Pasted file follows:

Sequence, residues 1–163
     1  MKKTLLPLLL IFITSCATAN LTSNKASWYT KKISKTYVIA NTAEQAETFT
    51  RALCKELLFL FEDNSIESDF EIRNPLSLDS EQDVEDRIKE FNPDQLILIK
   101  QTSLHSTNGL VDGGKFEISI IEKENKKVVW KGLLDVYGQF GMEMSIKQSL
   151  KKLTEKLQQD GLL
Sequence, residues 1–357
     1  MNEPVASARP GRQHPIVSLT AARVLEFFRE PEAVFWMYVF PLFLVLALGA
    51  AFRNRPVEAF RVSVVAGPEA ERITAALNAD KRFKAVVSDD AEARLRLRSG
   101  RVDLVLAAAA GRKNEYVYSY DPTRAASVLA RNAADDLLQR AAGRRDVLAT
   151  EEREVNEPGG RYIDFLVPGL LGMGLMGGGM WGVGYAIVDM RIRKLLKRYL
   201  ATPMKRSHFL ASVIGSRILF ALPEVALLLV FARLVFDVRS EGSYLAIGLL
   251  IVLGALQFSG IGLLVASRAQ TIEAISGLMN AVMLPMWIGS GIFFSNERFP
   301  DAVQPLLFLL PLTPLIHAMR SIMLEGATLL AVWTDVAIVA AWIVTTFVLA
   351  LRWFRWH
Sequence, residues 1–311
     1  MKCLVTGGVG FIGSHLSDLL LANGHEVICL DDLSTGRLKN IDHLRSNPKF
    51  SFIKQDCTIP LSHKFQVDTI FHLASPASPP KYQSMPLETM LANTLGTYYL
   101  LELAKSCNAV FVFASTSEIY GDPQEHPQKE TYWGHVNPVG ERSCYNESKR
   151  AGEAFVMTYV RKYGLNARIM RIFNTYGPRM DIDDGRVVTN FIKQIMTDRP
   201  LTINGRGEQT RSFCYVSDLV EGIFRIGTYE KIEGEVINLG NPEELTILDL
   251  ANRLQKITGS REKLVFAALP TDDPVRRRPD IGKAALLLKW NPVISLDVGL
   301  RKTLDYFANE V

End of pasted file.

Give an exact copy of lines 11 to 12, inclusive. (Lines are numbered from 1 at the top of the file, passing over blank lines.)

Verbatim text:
   201  ATPMKRSHFL ASVIGSRILF ALPEVALLLV FARLVFDVRS EGSYLAIGLL
   251  IVLGALQFSG IGLLVASRAQ TIEAISGLMN AVMLPMWIGS GIFFSNERFP